Efficient approach to 3D breast cancer structure formation and growth in vitro, in environments of varying rigidities

Journal of Tissue Science and Engineering

ISSN: 2157-7552

Open Access

Efficient approach to 3D breast cancer structure formation and growth in vitro, in environments of varying rigidities

5th International Conference on Tissue Engineering & Regenerative Medicine

September 12-14, 2016 Berlin, Germany

Elena Afrimzon

Bar-Ilan University, Israel

Scientific Tracks Abstracts: J Tissue Sci Eng

Abstract :

Biological tissues normally possess varying levels of rigiditiy, which contribute to the performance of their physiological functions. Changes in tissue rigidity may reflect transformation from a normal to a pathological state. Cancer cells within the tumor are influenced by the mechanical conditions of their microenvironment, which can drive cell fate. Multicellular three-dimensional models provide a more suitably organized, in vivo-like structure, and respond better to external stimuli than 2D cultures. In the present study, we propose a efficient approach to mimic the desired surrounding rigidity in vitro for 3D breast cancer object/structure formation and growth. Non-adherent, non-tethered 3D objects were generated from single cells within a hydrogel array, cultured under various mechanical conditions and measured at single-object resolution exploiting the advantageous mechanical and optical properties of agarose. This study demonstrates differences in the in vitro development of 3D breast cancer structures under various rigidity conditions. Study of individual 3D breast cancer structures reveals that significant differences in object growth rate, morphology and vital features are associated with the extent of environmental rigidity, the point in time at which a change occured and the initial number of seeded cells. The 3D objects initiated from less than six cells are significantly different from those initiated by more cells and demonstrate a growth rate independent from surrounding rigidity. Additionally, the control culture of 3D objects grown freely under low-rigidity conditions lacks the specific subset of the preinvasive phenotype which developed in the stiffer surroundings.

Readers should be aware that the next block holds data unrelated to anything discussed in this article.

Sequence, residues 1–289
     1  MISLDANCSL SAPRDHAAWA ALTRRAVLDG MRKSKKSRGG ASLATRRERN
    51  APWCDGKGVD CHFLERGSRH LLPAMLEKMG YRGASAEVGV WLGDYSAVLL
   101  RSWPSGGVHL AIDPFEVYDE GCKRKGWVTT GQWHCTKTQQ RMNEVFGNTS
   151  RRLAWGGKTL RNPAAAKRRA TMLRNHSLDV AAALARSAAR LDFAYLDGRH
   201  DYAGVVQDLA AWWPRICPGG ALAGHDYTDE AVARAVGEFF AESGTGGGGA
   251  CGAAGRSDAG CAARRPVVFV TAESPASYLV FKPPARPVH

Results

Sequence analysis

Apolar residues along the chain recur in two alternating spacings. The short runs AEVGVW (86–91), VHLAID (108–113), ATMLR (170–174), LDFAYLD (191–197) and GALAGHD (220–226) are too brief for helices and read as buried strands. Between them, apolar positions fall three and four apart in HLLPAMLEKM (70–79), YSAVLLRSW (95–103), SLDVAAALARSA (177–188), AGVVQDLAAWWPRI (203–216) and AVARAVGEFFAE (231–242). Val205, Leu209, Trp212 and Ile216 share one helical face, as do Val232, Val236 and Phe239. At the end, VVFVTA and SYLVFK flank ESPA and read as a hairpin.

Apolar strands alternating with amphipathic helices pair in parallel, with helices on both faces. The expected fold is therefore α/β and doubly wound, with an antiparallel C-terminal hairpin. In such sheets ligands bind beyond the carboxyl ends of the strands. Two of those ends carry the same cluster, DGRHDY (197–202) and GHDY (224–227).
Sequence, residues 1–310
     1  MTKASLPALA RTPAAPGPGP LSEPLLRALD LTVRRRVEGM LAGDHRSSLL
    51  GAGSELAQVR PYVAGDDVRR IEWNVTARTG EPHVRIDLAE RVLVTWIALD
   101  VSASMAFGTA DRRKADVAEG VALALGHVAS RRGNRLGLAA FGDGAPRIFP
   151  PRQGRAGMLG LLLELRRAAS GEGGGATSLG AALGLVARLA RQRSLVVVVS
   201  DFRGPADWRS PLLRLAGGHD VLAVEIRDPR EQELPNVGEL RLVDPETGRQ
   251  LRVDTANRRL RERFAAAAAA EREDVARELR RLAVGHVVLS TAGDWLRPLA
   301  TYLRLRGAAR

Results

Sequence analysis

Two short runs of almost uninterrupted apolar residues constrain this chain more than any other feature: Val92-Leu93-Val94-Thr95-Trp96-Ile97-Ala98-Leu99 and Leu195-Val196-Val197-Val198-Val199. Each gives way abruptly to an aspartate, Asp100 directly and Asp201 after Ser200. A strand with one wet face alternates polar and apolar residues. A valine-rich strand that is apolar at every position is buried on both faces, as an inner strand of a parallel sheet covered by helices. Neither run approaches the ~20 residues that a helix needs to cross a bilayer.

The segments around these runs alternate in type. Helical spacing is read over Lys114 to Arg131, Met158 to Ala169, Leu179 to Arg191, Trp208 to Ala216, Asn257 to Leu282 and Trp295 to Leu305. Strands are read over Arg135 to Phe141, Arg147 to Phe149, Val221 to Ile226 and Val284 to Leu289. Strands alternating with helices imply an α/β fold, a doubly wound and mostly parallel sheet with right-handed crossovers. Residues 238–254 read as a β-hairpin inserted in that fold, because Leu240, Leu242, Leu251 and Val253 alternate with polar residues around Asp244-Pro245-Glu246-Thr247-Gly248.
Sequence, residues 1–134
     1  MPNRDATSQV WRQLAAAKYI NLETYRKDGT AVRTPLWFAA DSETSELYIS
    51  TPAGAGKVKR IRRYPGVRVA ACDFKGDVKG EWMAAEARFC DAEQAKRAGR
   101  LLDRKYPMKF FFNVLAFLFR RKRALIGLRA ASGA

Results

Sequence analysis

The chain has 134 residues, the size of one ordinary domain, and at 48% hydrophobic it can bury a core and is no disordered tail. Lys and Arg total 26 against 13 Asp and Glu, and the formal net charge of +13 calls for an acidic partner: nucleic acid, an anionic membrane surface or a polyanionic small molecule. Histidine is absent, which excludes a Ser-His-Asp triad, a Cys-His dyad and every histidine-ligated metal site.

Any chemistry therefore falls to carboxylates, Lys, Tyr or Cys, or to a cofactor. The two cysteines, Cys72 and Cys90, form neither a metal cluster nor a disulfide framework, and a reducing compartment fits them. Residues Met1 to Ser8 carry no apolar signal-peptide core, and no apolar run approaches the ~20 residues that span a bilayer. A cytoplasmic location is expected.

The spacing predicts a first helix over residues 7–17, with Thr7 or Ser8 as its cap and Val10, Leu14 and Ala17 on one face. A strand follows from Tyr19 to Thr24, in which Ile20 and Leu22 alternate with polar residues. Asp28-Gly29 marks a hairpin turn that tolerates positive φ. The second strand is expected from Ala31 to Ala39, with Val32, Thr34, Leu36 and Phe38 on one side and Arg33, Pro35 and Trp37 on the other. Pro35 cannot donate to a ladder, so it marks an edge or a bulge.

Biography :

Elena Afrimzon has completed her PhD from Central Institute of Immunology, Microbiology and Infectious Diseases (Alma-Ata, Kazakhstan). She is Senior Researcher at the Biophysical Interdisciplinary Jerome Schottenstein Center for the Research and the Technology of the Cellome, Department of Physics, Bar-Ilan University. She is the initiator of the development and utilization of a novel hydrogel micro-chamber array for protracted culturing of live cells and 3D multicellular objects, which permits kinetic live cell studies. She has published more than 25 papers in reputed journals.


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